4 easy ways to impress your IT examiner

first_imgYou never get a second chance to make a first impression. On your next IT exam, take a minute to put your best foot forward with some simple items you can prepare and present to get the process off to an impressive start.  Here are 4 places to start:1. Document IT policies and proceduresMake the examination process easy on the examiner by having everything documented, and they will be easier on you. According to the FFIEC Handbook, “It is the responsibility of an institution’s board and senior management to ensure that the institution identifies, assesses, prioritizes, manages, and controls IT risks as part of the business continuity planning process. The board and senior management should establish policies that define how the institution will manage and control the risks that were identified. ”Aside from exam prep, what would happen if your IT person is sick, goes on leave, or quits?  Not having a well documented IT plan in place can leave your credit union in real trouble, and not just with your examiner. One documentation we recommend is a self IT risk assessment: Letting your examiner know that you are aware of the risks and have evaluated your risk tolerance will impress him/her from the start. continue reading » 11SHARESShareShareSharePrintMailGooglePinterestDiggRedditStumbleuponDeliciousBufferTumblrlast_img read more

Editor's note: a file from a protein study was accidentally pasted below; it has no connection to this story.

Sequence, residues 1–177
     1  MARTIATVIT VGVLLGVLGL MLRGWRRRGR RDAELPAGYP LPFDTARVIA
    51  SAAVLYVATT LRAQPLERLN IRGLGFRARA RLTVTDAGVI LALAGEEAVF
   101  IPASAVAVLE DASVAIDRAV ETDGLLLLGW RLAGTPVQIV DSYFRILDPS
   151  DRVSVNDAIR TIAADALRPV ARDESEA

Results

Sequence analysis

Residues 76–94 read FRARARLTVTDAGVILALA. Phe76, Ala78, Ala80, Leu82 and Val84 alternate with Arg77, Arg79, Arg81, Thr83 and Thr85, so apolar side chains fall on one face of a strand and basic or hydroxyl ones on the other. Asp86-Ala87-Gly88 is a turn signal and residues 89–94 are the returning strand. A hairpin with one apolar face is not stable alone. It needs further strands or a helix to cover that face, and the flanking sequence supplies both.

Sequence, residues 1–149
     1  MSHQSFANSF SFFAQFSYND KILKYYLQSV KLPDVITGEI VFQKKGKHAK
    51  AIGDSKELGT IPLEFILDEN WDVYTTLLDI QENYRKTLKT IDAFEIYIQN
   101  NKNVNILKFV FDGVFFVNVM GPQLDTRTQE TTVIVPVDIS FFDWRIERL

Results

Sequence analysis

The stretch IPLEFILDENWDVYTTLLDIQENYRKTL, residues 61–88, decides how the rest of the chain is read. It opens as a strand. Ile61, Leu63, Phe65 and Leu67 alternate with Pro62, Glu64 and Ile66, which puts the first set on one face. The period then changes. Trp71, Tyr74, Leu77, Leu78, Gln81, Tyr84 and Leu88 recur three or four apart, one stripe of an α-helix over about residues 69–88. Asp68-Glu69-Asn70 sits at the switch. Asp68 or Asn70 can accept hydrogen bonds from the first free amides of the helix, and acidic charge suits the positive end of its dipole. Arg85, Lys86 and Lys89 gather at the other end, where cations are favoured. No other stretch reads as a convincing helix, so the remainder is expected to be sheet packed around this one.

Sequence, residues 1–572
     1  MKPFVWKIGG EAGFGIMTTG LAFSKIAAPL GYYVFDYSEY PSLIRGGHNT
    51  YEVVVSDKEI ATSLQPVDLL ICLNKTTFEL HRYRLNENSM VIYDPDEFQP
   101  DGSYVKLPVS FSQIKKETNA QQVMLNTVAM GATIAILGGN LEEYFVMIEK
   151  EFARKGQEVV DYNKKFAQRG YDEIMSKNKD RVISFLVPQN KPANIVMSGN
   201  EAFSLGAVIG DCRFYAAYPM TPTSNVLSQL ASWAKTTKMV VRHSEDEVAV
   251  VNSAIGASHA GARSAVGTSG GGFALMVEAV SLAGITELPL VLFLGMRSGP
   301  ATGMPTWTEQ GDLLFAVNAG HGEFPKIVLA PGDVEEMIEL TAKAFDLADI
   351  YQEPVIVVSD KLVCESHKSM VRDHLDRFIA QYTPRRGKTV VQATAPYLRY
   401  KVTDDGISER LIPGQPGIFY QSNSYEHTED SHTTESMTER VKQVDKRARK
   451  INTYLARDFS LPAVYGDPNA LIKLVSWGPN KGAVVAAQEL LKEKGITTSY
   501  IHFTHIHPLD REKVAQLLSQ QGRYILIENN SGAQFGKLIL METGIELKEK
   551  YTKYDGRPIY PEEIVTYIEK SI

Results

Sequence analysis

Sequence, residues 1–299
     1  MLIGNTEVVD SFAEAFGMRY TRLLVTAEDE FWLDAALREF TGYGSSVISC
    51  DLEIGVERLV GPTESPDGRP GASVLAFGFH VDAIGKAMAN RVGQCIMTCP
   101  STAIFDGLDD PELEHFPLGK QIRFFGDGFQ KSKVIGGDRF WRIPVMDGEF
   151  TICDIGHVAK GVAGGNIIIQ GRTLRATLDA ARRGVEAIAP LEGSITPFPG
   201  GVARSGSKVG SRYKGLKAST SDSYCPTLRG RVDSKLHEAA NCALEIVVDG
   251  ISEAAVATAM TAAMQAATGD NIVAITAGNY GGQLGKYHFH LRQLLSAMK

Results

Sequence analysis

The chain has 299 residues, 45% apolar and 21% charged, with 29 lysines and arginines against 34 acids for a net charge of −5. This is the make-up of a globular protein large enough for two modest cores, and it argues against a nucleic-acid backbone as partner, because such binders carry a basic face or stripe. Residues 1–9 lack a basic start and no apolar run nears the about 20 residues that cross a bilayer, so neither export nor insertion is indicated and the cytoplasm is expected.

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The Latest: 2017 champion Stephens advances to 3rd round